The good effects of the first gathering spread......they met regularly thereafter in Thailand in 1991 and Sri Lanka in 1993, improving education opportunities for Buddhist women. The last one had been in Vietnam and the next is to be in Singapore.
That first conference also saw the formation of ‘Sakhyadita’ or ‘Daughters of the Buddha’, the International Association of Buddhist Women, the Sanghamitta Institute, a centre for women’s awakening and the Jamyang Foundation to change perceptions of women’s potential, all under the guidance and leadership of Bhikkhuni Lekshe.
Sakhyadita, an alliance of women and men seeks to unite Buddhist women of diverse countries and traditions, promote their welfare and facilitate their work for the benefit of humanity.
Ordination of women, however, was another matter as it was controversial. One argument was that it was impossible to establish a bhikkhuni sangha in Sri Lanka as there were no bhikkhunis, with many unaware that there were bhikkhunis around the world. Another argument was that those in other countries were Mahayana bhikkhunis and Theravada had no such tradition, she says, explaining that vinaya or monastic discipline is not limited to either Mahayana or Theravada. It may be called different names in different countries but it means the same thing and that is vinaya.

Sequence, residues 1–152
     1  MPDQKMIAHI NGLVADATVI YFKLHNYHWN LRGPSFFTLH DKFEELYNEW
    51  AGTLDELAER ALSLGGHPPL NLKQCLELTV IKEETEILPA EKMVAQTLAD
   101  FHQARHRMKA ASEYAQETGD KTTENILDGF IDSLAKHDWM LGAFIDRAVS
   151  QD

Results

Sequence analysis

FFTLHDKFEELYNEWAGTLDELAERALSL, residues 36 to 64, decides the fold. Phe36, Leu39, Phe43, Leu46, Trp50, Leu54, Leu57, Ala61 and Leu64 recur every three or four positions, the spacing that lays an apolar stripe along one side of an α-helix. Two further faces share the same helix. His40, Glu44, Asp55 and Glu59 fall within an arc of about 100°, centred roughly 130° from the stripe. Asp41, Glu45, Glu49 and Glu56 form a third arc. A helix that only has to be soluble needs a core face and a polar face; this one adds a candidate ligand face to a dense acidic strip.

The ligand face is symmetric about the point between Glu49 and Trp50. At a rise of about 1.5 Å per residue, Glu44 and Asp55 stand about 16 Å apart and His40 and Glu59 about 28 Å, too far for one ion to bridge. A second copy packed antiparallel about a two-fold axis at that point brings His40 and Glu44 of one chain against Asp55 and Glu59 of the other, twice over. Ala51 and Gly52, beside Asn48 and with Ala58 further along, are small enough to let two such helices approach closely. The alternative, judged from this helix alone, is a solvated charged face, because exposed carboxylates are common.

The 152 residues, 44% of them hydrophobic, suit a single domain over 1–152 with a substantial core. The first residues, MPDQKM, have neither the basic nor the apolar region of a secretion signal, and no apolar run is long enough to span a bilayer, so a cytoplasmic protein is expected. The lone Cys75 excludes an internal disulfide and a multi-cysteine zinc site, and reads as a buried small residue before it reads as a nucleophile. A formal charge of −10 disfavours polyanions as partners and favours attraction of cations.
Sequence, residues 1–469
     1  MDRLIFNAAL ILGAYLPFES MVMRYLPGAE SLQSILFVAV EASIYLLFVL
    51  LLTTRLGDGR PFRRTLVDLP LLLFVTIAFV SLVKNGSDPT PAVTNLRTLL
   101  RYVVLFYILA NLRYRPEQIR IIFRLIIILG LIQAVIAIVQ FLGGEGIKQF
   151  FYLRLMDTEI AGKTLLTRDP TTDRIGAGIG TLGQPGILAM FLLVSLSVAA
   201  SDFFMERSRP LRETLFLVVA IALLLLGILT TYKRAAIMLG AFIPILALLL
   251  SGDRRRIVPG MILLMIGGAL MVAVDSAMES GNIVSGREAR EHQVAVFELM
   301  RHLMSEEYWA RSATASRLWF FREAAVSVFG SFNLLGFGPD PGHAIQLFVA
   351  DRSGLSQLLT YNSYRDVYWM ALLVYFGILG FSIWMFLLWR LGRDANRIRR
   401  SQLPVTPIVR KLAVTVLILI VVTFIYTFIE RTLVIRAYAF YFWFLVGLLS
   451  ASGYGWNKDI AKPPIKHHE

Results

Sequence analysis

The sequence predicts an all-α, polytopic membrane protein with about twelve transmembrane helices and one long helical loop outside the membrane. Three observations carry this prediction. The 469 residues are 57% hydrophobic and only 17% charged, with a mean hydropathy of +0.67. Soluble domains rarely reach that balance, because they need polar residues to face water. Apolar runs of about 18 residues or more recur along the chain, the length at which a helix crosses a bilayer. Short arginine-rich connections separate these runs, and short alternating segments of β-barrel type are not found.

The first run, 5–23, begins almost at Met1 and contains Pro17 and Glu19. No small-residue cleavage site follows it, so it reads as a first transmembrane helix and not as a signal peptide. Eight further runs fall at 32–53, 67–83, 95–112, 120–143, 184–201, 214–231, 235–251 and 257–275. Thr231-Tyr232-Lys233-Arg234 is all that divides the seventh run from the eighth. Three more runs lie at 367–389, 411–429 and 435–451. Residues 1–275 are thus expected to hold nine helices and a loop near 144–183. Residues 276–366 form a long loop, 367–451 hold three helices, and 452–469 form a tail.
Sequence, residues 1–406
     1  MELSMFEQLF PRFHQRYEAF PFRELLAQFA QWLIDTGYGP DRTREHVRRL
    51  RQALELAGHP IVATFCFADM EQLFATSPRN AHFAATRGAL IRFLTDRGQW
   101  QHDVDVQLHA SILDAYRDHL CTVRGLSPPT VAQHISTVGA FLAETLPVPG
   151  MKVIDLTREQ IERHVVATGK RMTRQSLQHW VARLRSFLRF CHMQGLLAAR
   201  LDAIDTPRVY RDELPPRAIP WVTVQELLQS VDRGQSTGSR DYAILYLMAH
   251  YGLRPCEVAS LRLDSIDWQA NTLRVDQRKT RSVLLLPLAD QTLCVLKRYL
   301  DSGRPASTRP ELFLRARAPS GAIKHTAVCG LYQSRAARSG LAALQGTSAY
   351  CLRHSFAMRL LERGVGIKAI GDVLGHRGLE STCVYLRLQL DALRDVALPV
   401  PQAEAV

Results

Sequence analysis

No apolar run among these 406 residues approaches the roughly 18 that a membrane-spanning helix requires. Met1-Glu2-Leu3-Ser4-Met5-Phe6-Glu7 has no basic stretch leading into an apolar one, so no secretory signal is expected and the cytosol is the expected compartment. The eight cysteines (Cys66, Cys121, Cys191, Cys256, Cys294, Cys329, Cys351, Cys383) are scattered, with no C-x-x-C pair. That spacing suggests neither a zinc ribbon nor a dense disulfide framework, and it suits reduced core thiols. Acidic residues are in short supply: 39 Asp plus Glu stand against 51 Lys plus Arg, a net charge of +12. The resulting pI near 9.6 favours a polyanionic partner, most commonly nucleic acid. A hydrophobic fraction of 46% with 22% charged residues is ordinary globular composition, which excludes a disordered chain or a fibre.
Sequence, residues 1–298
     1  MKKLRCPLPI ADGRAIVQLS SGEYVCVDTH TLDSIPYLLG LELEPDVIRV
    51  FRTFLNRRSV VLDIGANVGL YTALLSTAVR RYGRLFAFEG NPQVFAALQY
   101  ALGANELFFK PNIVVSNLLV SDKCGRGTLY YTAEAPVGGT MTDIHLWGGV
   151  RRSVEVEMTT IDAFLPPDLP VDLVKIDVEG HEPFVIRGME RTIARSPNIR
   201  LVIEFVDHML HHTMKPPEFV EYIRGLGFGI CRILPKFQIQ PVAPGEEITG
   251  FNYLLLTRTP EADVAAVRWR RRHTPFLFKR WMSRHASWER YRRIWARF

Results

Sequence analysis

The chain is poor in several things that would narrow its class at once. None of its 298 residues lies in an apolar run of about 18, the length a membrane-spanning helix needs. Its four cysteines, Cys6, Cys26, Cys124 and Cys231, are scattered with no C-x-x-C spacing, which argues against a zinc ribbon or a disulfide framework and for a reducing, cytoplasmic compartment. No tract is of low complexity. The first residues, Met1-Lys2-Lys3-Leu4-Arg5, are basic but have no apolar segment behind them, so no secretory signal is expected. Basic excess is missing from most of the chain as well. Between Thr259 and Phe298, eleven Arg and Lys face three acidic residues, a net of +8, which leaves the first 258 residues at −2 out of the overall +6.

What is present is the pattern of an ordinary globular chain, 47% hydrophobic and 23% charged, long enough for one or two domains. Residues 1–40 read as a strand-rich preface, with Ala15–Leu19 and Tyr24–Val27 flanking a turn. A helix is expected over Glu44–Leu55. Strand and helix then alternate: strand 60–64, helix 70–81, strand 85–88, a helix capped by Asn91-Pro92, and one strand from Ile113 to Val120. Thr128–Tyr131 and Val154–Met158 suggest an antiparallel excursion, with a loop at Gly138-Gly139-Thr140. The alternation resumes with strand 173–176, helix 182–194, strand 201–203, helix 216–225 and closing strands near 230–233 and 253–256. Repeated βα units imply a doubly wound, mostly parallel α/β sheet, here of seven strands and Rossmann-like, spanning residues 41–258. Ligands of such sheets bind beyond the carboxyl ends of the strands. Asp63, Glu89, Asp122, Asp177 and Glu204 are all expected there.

Referring to the belief that the bhikkhuni sangha died out after a few hundred years following its establishment, Bhikkhuni Lekshe says emphatically, “It is not true.” They remained in India up to the 11th century and there are stone inscriptions both in Sri Lanka and India as proof of this, says this academic and author of several widely circulated books.
Since Buddhagaya, Sri Lanka has come a long way, with the women participants getting active back home and requesting the government for educational opportunities. “With the support of the government, capacity building and empowerment programmes have increased to equip them to work for society,” she says, adding that training centres have been set up for them including one by her own organization, Sakyaditha, in Moratuwa.
Bhikkhuni Lekshe says about 60,000 bhikkhunis around the world are engaged in “wonderful work” such as running schools, kindergartens, orphanages, women’s shelters, old folks’ homes and also publishing Buddhist work. As they don’t have families they are “free agents” and have time to work for society.
Buddhist nuns, especially in Asia where 99% of the Buddhist women live, can do many things monks cannot, she says, citing the example of counselling women. If a Buddhist woman has a problem, she cannot open her heart to a monk but can certainly do so to a nun, she adds.